“Tomámos uma série de decisões que foram importantes para alcançar este resultado da liderança: reafetámos recursos – não aumentámos orçamento de grelha -, poupámos em determinadas áreas para reafetar noutras áreas e investimos no novo edifício e em nova tecnologia e acho que foi fundamental ter toda a gente debaixo do mesmo teto [no mesmo edifício em Paço de Arcos], com melhores condições, a trabalhar em conjunto e, naturalmente, com uma nova dinâmica que se foi conquistando com a liderança – neste caso, também na informação Expresso e SIC. Trabalha-se de uma forma muito mais integrada. Isso é muito importante para este sucesso“, explicou ainda o CEO da Impresa.SIC aumenta lucros da Impresa. Ganha 3,5 milhões de euros Ler Mais
Em 05 de setembro, a SIC e a Altice Portugal assinaram um novo acordo para a distribuição dos canais da estação na plataforma da Meo, que é válido por mais três anos, anunciaram as empresas. “A renovação deste acordo é mais um passo muito relevante na relação entre as empresas, sendo que vem consolidar, uma vez mais, a qualidade da oferta dos melhores conteúdos televisivos aos clientes Meo, assim como, através da comunicação, da tecnologia e dos conteúdos, permitir a sua ligação ao país e ao mundo”, referiu a Altice Portugal, em comunicado.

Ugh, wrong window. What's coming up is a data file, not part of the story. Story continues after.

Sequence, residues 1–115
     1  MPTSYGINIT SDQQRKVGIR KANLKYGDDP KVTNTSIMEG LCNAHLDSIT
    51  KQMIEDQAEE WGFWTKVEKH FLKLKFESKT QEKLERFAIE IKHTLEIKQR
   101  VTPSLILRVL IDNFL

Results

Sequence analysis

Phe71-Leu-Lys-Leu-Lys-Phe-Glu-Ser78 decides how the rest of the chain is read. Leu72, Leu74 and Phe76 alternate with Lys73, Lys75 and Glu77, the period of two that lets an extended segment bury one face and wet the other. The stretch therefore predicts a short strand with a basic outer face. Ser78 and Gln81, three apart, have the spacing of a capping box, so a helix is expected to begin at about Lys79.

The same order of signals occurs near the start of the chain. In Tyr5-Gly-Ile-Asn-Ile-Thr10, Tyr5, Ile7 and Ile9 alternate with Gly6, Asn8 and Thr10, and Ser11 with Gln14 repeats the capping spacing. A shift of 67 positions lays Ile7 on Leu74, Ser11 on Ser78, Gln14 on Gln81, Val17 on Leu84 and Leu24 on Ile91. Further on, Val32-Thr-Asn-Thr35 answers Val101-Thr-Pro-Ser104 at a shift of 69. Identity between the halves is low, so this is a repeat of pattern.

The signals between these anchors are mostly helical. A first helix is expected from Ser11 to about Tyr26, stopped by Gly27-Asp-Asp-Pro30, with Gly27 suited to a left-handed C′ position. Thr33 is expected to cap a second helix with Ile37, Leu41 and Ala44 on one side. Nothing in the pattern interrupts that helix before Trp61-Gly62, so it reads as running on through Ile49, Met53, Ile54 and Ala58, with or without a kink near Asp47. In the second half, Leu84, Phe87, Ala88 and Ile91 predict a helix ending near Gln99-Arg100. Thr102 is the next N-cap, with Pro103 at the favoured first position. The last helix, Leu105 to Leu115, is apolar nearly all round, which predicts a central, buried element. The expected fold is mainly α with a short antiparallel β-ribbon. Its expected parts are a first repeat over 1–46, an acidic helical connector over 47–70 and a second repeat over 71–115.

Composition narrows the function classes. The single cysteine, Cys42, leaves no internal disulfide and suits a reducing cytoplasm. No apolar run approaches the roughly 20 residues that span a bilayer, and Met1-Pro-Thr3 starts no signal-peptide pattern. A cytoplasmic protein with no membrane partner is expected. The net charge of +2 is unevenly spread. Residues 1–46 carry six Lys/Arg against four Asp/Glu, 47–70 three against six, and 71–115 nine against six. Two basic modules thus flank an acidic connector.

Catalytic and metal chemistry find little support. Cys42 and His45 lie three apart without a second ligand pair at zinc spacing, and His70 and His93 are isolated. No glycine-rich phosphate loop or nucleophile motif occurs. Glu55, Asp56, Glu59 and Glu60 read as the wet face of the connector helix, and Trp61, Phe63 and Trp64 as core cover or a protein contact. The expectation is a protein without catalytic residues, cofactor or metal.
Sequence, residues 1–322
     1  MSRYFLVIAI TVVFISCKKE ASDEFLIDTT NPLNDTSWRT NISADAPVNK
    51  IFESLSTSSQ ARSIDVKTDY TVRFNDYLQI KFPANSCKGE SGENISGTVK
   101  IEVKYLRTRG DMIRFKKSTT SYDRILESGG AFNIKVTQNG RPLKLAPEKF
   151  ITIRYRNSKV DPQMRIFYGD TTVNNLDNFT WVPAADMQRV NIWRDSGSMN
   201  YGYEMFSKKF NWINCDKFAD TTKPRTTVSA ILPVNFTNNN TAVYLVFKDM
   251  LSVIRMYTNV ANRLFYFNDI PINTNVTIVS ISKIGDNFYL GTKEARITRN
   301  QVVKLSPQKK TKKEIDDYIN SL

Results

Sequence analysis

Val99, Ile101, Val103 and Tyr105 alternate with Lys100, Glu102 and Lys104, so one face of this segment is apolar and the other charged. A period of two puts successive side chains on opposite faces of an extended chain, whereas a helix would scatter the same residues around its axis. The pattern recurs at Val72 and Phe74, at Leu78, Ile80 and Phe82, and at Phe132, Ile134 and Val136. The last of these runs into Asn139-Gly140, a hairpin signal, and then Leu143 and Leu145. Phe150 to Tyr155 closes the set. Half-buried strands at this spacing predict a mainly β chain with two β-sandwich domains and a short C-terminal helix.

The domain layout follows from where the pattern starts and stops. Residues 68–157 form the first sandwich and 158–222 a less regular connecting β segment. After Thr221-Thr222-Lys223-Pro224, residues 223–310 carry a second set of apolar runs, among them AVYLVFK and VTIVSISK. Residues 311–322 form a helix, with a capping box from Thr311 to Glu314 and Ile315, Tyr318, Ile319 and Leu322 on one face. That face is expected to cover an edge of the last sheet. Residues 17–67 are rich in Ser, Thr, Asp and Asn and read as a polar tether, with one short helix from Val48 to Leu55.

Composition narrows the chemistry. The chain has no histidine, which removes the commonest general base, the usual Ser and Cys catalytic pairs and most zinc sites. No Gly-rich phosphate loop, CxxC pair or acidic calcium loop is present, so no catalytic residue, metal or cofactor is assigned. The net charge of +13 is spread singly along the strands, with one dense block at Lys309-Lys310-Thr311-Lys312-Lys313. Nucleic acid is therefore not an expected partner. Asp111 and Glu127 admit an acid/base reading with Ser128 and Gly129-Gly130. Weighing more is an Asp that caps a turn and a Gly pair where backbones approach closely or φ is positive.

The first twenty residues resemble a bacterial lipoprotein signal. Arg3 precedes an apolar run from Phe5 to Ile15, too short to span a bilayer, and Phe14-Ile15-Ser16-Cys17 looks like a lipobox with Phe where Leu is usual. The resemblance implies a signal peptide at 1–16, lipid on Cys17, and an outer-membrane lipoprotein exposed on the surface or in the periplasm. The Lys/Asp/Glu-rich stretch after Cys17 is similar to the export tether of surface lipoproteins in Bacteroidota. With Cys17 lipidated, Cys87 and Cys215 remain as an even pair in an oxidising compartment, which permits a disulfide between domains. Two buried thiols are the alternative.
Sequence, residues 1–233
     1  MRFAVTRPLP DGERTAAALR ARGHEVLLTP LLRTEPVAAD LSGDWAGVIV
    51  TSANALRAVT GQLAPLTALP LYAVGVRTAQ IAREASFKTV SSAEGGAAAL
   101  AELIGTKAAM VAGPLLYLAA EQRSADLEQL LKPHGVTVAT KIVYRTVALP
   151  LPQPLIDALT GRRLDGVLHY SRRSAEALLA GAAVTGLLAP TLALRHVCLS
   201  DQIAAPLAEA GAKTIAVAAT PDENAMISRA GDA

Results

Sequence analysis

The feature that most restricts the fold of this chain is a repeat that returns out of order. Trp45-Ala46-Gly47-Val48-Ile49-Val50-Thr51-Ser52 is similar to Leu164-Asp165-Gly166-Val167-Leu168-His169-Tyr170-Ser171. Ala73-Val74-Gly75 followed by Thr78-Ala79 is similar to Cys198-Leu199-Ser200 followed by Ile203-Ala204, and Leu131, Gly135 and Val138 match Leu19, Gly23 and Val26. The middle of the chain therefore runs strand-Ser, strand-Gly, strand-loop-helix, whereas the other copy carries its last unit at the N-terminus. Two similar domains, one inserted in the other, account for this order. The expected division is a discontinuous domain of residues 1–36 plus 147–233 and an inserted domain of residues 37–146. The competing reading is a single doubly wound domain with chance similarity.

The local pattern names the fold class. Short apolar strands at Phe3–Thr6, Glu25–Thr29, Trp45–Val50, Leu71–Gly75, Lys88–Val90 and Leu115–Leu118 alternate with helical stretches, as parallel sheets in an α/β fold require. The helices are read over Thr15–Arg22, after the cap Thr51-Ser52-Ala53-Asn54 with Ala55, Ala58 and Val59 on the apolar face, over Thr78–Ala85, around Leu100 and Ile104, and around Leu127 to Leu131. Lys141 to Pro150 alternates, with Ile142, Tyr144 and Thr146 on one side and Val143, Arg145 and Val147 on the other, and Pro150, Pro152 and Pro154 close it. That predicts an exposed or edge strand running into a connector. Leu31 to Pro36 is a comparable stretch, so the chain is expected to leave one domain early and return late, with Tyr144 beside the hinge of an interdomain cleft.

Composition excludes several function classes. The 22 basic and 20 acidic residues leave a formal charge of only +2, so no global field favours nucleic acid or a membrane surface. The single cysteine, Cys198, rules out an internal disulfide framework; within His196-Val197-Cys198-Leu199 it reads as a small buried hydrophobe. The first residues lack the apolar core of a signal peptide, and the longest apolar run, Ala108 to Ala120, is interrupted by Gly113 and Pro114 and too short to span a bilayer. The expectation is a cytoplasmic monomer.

“Numa altura em que a SIC é líder de audiências, com reforço do investimento em conteúdos, em diversificação de produto televisivo e numa nova estratégia e posicionamento, a Altice Portugal assume a sua satisfação com a assinatura deste acordo. Claramente, o investimento do grupo tem dado frutos, uma vez que a SIC generalista é hoje a estação mais vista pelos portugueses, tendo ainda na SIC Notícias uma referência no que diz respeito à informação que é feita em Portugal”, disse então o presidente executivo da Altice, Alexandre Fonseca, em comunicado.
Deste modo, a SIC continuará a estar presente em todos os ecrãs dos clientes Meo, em HD (alta definição), com uma vasta oferta de canais de televisão (SIC, SIC Notícias, SIC Radical, SIC Mulher, SIC K e SIC Caras).
Corporate debt issuance has been on the rise in recent years, and demand from investors is spiking. Companies have taken advantage of the situation to issue bonds with low borrowing costs. But, as the FT explains, the money isn’t necessarily translating into economic innovation.
(ECO) Portugal prepara-se para receber um investimento de 300 milhões de euros da Ineos. Multimilionário britânico Jim Ratcliffe quer arrancar produção de todo-o-terreno dentro de dois anos.